Treasurers who deal with overseas operations are all too familiar with the problem of trapped cash in foreign territories. With global economic uncertainty still maintaining its grip, and the potential for trade wars imminent, managing cash has become an urgent issue.
As a CFO, you may feel you have done all the hard work, invested in attractive distant markets, reaped rewards and built up the business, and yet the money is still out of reach. So how do you free up that cash? It may not be as easy as the finance gurus imagine and that is the essence of trapped cash. It is profit earned, and yet for some reason, you cannot bring it home.
Freeing trapped cash
Why would that be the case in a digital age when capital seems to sweep across regulatory areas at breakneck speed? The answer is that in developing markets, FX controls, different regulatory regimes and double taxation issues may influence decisions as to how cash can be moved without incurring losses.
Global liquidity is something that finance departments will be keen to exploit, but cash can become trapped resulting from unforeseen implications such as inter-company lending and currency conversion. Consequently, freeing trapped cash requires a wide-ranging view of the organisation and an approach which is inherently multi-faceted, involving optimisation, visibility and ultimately control of the outcome. This should be managed within the confines of the existing tax and regulatory environment.
Why worry about trapped cash and what can be done to avoid the problems it creates?
Firstly, by making it accessible and increasing value, other opportunities may open up. To deal with the problem, strategic aspects such as stretching payables and shortening receivables will help to avoid trapped liquidity issues. Another solution may involve looking at local acquisitions and investment, thus establishing business operations in economies where trapped liquidity is a problem.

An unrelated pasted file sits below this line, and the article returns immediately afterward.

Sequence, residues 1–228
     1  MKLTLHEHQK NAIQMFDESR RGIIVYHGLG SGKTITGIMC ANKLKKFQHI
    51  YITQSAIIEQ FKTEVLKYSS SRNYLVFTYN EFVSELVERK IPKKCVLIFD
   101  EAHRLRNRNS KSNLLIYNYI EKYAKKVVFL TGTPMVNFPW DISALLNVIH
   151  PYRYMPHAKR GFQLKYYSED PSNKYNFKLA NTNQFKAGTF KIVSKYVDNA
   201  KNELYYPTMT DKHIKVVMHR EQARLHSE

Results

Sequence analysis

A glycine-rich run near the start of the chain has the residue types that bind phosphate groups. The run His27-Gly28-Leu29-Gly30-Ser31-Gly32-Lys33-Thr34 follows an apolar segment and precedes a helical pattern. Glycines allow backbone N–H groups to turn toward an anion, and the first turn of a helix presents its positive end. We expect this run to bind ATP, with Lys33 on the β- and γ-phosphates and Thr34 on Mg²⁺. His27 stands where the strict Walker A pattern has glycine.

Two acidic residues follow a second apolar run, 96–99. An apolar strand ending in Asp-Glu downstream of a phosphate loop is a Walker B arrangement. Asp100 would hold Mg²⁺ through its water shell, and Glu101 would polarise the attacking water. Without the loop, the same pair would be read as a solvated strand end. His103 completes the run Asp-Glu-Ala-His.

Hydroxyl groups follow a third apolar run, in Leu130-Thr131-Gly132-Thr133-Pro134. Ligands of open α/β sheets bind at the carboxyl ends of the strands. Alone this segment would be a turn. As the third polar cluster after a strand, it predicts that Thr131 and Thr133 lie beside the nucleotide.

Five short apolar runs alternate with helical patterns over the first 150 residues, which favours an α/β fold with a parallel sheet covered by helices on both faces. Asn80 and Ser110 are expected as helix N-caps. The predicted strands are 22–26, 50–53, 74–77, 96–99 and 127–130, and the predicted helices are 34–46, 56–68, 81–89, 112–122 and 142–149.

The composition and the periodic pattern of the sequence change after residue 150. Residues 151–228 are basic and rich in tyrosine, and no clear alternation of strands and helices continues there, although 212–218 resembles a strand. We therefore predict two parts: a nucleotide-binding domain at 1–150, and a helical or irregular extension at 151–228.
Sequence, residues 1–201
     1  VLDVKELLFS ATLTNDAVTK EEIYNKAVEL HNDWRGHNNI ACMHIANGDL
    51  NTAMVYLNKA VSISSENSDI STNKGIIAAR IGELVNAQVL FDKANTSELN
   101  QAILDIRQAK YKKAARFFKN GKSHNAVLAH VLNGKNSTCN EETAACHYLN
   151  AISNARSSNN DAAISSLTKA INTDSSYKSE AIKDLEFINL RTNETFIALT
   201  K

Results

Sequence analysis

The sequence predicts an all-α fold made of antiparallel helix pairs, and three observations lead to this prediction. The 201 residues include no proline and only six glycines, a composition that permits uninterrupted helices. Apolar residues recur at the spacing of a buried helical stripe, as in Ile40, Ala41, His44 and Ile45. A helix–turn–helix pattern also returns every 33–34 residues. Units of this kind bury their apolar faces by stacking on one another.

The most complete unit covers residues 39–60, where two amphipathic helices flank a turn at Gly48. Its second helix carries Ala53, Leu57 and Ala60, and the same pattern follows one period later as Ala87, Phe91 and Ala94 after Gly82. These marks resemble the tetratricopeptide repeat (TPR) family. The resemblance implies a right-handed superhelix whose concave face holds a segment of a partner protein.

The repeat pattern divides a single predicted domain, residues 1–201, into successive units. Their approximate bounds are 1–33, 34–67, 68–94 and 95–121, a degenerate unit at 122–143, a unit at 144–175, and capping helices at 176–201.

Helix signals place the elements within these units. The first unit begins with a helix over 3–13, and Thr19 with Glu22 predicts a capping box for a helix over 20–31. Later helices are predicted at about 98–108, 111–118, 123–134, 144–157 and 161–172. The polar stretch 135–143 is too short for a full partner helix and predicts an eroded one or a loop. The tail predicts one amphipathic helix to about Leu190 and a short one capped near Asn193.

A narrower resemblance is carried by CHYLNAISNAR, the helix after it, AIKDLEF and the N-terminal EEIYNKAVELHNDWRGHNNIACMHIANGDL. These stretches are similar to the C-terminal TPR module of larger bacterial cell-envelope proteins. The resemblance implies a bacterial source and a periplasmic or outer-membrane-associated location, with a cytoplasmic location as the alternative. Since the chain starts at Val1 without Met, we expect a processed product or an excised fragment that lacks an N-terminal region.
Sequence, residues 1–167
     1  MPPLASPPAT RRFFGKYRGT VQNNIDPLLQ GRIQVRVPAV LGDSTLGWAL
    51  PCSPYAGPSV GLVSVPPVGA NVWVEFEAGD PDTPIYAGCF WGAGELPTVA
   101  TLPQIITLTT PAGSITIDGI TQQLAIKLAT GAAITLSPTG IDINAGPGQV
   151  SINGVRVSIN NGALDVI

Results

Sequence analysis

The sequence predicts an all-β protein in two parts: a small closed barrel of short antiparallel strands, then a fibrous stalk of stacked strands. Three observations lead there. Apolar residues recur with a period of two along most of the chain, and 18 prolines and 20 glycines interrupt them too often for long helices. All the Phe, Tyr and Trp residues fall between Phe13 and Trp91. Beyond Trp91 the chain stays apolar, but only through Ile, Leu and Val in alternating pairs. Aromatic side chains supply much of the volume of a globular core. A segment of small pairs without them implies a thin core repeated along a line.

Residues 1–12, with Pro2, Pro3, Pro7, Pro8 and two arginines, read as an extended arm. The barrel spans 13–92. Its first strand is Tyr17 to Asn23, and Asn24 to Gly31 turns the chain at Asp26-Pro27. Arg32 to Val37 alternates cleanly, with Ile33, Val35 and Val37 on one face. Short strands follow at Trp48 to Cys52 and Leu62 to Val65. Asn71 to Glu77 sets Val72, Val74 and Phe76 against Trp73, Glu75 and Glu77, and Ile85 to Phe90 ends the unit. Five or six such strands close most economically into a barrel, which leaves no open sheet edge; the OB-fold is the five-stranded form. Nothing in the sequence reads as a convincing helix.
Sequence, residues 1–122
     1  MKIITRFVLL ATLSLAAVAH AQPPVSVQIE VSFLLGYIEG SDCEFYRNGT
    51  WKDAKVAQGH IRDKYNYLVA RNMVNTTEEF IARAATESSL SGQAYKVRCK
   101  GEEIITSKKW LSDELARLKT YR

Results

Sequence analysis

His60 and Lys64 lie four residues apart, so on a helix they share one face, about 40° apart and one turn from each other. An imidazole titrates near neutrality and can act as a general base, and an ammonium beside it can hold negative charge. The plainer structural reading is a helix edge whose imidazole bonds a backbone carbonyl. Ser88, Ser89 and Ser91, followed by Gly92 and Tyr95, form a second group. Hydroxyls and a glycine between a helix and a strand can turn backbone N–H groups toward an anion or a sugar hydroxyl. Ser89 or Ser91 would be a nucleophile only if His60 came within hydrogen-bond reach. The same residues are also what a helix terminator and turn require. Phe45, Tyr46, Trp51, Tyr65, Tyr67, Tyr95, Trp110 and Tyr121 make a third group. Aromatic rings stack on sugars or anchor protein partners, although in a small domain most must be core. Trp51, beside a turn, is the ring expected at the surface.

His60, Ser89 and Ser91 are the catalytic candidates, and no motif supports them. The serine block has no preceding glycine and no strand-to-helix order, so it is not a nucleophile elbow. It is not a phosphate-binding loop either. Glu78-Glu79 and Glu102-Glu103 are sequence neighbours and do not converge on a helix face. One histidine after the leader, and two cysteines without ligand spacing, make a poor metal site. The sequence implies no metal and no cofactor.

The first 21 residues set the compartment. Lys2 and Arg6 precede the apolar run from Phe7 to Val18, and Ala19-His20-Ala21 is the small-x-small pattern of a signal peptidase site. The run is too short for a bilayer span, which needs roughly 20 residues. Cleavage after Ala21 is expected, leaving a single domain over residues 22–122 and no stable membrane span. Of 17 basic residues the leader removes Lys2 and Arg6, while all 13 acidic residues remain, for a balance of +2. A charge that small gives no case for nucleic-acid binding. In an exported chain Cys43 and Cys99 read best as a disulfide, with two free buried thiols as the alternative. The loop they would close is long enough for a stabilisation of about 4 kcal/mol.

There may also be opportunities to optimise interest enhancement in certain restrictive jurisdictions and to offset borrowing elsewhere with the benefits. Checking local yields is always an option for trapped cash overseas.
Liquidity management tools can also include a pooling of the domestic structures. Local MMFs, call deposits, domestic commercial paper, time deposits, treasury bills and emerging market exchanges are all potential means by which trapped cash can be turned into working capital. By enhancing local yields, treasury officers can alleviate the problems raised by locked capital.
Clearly, cash may be in demand within the company either for investment or simply as working capital but using trapped cash as an asset in negotiations with domestic lenders means that it still has significant value. The recent scandals over LIBOR may mean that the grass is not always greener, and a short-term view of returns may be misleading.
US companies increasingly find themselves grappling with trapped cash because of taxation penalties on repatriated cash. This seems at odds with the current administration’s aims to increase investment in domestic firms. JP Morgan estimates there could be as much as US$1tr in cash deposits trapped overseas. This is a startling figure by any standards and suggests that treasurers must be far more imaginative as to how they deal with non-domestic assets.
The flip side of this problem has been seen in Hong Kong, where banks are offering hedging opportunities to companies unable to repatriate the Yuan. This is providing a new source of revenue for the banks and helping multinationals deal with the growing headache of trapped cash in the face of tightening restrictions on transferring profits and dividends out of the Mainland.
Such innovation is less obvious in more regulated emerging markets and although companies have made profits within these jurisdictions, managing the cash has proved more difficult. The impact of trapped cash on companies has been exacerbated by the tightening of funding opportunities from traditional lenders, still impacting treasury departments ten years after the financial crisis. In the past, ready supplies of cash and debt have meant that efforts to extract cash have not been a priority, but that is no longer the case.
What CFOs must ask themselves is whether cash is really trapped. It may not be readily accessed but it can still be moved, especially if we are talking about a jurisdiction with a readily tradeable currency where FX markets come into play.
Immediate access to cash may always be tempting for treasury departments, but the long-term assessment of trapped cash, and a more imaginative view of it may be a better policy. Trapped cash is not an excuse for a company’s underperformance.
Simon Lynch is the owner of Treasury Talent.
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